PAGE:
Avery allowed one run on three hits in six innings, and the Braves won 5-2 to take a three-games-to-one lead. The series returned to Atlanta after the Braves lost Game 5. Tom Glavine was on the mound for Game 6.
“He was on top of his game and needed to be, every pitch,” Lemke said. “He was as clutch as you can get. One mistake, and it changes the whole game.”
After David Justice’s home run gave the Braves a 1-0 lead in the sixth inning, “you’re saying to yourself, ‘Is it going to be enough?’” Lemke recalled. “Well, turns out it was.”
Making the championship – the only World Series the Braves have won since moving to Atlanta in 1966 -- all the more special within the clubhouse was that many of the players had known each other for years, dating to their days in the Braves’ minor-league system.
“It was huge to have come up together and have gone through the ups and downs of the Atlanta Braves during those times,” Lemke said. “There were a lot of lean years -- ’88, ’89, ’90,” three consecutive last-place finishes.
The stars of the final game of the 1995 World Series -- Glavine, who allowed just one hit in eight innings, and Justice, whose homer produced the only run -- were among Lemke’s teammates in the low minors.
“I remember answering the door of my room in rookie ball in ’84 in Bradenton, Fla., and it was Tom Glavine,” Lemke said. “That was the first time I met him. I was his first roommate (in pro ball).”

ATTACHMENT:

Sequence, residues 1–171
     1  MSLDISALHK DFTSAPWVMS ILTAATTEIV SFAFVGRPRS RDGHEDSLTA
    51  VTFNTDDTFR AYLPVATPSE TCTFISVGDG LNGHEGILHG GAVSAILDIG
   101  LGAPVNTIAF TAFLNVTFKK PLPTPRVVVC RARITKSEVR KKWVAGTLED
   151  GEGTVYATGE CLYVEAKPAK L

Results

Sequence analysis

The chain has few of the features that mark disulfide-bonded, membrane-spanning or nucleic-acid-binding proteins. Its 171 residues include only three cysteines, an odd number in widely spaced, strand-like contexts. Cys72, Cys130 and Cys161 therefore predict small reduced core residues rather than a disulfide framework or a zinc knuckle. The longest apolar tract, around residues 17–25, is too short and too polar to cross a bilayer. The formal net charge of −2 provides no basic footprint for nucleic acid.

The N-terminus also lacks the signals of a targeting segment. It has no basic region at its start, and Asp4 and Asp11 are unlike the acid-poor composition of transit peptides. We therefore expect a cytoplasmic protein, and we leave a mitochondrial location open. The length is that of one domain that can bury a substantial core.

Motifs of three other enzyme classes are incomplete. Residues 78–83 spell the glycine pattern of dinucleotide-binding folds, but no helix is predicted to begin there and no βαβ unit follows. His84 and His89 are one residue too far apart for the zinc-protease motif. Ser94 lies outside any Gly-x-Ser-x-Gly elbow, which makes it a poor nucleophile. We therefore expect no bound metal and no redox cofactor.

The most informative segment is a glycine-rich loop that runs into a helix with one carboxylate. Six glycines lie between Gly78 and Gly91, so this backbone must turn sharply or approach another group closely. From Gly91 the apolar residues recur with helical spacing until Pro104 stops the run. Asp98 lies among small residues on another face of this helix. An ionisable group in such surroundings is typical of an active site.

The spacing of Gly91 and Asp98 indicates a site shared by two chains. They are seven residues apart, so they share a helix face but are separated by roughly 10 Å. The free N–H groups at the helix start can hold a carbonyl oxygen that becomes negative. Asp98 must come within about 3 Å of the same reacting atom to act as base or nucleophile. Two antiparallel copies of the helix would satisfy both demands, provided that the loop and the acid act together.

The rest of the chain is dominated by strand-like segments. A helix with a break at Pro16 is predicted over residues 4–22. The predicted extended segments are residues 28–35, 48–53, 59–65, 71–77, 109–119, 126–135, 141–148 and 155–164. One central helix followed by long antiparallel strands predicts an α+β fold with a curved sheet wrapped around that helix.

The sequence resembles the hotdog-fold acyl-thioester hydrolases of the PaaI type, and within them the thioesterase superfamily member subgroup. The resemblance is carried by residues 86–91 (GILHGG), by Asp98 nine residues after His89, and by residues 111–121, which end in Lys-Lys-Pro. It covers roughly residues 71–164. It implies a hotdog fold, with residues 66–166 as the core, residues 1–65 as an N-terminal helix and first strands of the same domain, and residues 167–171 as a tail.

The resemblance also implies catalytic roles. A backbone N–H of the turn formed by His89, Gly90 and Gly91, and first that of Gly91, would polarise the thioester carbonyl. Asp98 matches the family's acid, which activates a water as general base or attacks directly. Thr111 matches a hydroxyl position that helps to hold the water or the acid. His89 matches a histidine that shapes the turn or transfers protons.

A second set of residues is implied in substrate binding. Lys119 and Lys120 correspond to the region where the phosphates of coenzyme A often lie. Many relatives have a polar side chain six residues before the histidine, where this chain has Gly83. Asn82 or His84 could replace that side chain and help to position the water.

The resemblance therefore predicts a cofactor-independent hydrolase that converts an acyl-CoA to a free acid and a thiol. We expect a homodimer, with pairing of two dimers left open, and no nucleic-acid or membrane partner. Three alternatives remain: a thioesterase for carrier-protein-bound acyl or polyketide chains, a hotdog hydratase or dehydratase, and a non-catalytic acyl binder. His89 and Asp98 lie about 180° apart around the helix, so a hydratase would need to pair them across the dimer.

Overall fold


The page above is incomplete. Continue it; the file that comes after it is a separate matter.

Pittsburgh Pirates baserunner Al Martin slides into second base under a tag from Mark Lemke during a 1997 game at Turner Field in Atlanta.
Credit: File / AP
Credit: File / AP
Lemke was 17 years old, just out of high school, when the Braves drafted him in June 1983. He was set to go to Purdue University, where he had been offered a rare full baseball scholarship.
“Back then, when you got drafted (in low rounds), you just got notified by a telegram,” Lemke said. “My sister saw the telegram and said, ‘The Atlanta Braves drafted you.’ I pretty much looked at her and said, ‘Well, that’ll be nice for a scrapbook, but I’m on my way to West Lafayette, Ind.”